Plasma MCP-1 and changes on cognitive function in community-dwelling older adults

for the MAPT/DSA Group

Research output: Contribution to journalArticlepeer-review

2 Scopus citations


Background: Monocyte Chemoattractant Protein-1 (MCP-1), a glial-derived chemokine, mediates neuroinflammation and may regulate memory outcomes among older adults. We aimed to explore the associations of plasma MCP-1 levels (alone and in combination with β-amyloid deposition—Aβ42/40) with overall and domain-specific cognitive evolution among older adults. Methods: Secondary analyses including 1097 subjects (mean age = 75.3 years ± 4.4; 63.8% women) from the Multidomain Alzheimer Preventive Trial (MAPT). MCP-1 (higher is worse) and Aβ42/40 (lower is worse) were measured in plasma collected at year 1. MCP-1 in continuous and as a dichotomy (values in the highest quartile (MCP-1+)) were used, as well as a dichotomy of Aβ42/40. Outcomes were measured annually over 4 years and included the following: cognitive composite z-score (CCS), the Mini-Mental State Examination (MMSE), and Clinical Dementia Rating (CDR) sum of boxes (overall cognitive function); composite executive function z-score, composite attention z-score, Free and Cued Selective Reminding Test (FCSRT - memory). Results: Plasma MCP-1 as a continuous variable was associated with the worsening of episodic memory over 4 years of follow-up, specifically in measures of free and cued delayed recall. MCP-1+ was associated with worse evolution in the CCS (4-year between-group difference: β = −0.14, 95%CI = −0.26, −0.02) and the CDR sum of boxes (2-year: β = 0.19, 95%CI = 0.06, 0.32). In domain-specific analyses, MCP-1+ was associated with declines in the FCSRT delayed recall sub-domains. In the presence of low Aβ42/40, MCP-1+ was not associated with greater declines in cognitive functions. The interaction with continuous biomarker values Aβ42/40× MCP-1 × time was significant in models with CDR sum of boxes and FCSRT DTR as dependent variables. Conclusions: Baseline plasma MCP-1 levels were associated with longitudinal declines in overall cognitive and episodic memory performance in older adults over a 4-year follow-up. How plasma MCP-1 interacts with Aβ42/40 to determine cognitive decline at different stages of cognitive decline/dementia should be clarified by further research. The MCP-1 association on cognitive decline was strongest in those with amyloid plaques, as measured by blood plasma Aβ42/40.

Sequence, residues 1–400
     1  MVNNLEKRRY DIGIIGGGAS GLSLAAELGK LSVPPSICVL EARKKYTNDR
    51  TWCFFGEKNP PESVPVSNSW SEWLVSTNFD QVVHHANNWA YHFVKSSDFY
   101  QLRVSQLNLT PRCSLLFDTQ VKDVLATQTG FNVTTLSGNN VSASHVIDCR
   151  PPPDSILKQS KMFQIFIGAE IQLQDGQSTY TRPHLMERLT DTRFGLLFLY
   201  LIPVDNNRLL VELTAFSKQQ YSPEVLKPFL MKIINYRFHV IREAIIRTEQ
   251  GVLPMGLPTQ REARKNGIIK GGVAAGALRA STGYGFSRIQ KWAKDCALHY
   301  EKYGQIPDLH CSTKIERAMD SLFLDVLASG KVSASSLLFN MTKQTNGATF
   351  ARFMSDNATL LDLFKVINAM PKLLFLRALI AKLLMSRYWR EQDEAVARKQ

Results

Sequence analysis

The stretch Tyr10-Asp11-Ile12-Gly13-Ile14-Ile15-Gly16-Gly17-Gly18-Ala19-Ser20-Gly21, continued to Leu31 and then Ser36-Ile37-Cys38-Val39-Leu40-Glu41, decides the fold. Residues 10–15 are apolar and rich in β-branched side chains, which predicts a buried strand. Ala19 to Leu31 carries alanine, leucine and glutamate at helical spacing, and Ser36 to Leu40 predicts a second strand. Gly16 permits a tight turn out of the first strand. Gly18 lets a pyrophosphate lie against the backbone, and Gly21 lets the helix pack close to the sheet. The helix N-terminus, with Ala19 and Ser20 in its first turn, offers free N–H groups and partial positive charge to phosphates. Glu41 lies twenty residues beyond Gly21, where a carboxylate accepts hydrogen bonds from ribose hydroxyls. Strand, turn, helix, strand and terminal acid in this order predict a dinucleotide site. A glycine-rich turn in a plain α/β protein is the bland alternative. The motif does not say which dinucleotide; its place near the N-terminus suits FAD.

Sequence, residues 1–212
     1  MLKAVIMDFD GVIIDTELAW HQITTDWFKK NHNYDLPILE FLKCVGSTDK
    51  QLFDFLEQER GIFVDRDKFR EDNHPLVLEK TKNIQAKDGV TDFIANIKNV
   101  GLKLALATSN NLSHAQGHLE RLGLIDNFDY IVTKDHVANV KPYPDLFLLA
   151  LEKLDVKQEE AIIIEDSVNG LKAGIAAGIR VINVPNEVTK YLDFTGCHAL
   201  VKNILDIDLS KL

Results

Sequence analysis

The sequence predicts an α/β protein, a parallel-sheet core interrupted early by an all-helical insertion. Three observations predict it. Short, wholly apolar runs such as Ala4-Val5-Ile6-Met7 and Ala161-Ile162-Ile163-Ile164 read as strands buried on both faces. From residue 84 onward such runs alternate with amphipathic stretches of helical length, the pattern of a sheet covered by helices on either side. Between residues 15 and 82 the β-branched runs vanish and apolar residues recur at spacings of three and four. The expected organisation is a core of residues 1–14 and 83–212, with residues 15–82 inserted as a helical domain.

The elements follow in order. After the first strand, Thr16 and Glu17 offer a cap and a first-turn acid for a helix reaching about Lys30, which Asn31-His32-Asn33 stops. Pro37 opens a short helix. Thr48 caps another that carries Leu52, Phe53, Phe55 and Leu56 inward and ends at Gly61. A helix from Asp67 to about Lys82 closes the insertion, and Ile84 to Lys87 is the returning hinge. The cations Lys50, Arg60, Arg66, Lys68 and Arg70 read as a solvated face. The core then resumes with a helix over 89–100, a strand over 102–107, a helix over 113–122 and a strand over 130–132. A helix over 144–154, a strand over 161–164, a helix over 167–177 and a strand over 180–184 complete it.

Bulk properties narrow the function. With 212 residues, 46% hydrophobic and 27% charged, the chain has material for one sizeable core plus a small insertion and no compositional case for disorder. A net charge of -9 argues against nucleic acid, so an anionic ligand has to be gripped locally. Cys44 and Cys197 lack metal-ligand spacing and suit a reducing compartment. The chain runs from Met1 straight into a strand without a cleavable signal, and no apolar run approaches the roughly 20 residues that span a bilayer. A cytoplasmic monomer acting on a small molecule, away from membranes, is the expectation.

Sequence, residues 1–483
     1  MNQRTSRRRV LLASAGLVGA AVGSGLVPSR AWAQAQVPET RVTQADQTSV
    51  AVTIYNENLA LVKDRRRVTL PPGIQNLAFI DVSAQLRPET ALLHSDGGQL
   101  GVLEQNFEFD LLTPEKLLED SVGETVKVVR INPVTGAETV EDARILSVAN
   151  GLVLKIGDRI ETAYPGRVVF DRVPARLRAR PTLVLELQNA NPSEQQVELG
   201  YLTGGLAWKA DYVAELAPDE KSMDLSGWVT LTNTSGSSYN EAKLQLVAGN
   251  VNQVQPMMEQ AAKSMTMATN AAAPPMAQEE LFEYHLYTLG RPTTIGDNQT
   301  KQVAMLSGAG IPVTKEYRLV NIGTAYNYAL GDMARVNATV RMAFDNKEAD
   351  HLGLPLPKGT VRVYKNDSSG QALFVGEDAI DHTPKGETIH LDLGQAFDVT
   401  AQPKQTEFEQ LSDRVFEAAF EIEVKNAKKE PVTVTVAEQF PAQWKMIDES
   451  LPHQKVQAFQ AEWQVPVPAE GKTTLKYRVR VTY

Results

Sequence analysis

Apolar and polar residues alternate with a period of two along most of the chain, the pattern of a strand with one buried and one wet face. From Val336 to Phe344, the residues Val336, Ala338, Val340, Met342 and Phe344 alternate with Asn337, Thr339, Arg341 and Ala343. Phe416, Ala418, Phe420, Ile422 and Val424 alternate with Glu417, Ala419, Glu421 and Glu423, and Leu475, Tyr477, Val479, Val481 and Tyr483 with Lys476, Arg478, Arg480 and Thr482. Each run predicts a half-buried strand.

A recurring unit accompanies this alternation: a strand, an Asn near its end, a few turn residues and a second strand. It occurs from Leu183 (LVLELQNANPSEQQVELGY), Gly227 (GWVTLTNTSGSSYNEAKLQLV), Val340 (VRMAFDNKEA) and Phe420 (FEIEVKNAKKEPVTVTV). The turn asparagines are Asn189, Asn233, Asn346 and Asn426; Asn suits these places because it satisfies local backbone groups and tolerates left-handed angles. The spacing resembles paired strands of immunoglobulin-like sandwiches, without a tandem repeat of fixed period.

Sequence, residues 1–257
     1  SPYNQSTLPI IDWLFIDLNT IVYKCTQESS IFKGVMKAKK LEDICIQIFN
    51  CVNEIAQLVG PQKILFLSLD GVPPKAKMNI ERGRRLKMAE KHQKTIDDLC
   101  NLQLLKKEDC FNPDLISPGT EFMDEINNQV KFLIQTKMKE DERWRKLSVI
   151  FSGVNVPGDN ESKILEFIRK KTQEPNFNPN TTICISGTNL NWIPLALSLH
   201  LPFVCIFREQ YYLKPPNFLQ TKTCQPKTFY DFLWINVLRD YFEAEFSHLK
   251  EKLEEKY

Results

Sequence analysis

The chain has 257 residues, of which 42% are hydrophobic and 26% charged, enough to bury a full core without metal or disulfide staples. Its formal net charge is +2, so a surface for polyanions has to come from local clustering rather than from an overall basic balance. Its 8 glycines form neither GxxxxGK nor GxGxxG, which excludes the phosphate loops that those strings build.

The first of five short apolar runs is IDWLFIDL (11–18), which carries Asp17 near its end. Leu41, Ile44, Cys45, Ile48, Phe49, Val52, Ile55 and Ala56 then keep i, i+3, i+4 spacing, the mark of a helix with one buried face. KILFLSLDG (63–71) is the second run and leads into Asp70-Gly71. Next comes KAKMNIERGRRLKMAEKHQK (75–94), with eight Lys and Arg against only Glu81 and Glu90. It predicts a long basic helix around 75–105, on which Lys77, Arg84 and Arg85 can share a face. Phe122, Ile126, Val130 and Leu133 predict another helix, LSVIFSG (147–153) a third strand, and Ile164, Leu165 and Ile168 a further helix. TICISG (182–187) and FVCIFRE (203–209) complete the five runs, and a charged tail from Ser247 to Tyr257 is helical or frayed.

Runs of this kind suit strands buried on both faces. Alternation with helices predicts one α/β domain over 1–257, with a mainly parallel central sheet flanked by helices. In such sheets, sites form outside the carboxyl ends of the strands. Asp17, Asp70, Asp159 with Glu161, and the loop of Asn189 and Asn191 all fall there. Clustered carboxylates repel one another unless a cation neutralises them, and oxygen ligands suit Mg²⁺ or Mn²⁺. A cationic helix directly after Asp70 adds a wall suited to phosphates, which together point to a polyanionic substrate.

Original languageEnglish
Article number5
JournalAlzheimer's Research and Therapy
Issue number1
StatePublished - Dec 2022


  • Alzheimer’s disease
  • Cognitive function
  • Episodic memory
  • MCP-1
  • Older adults


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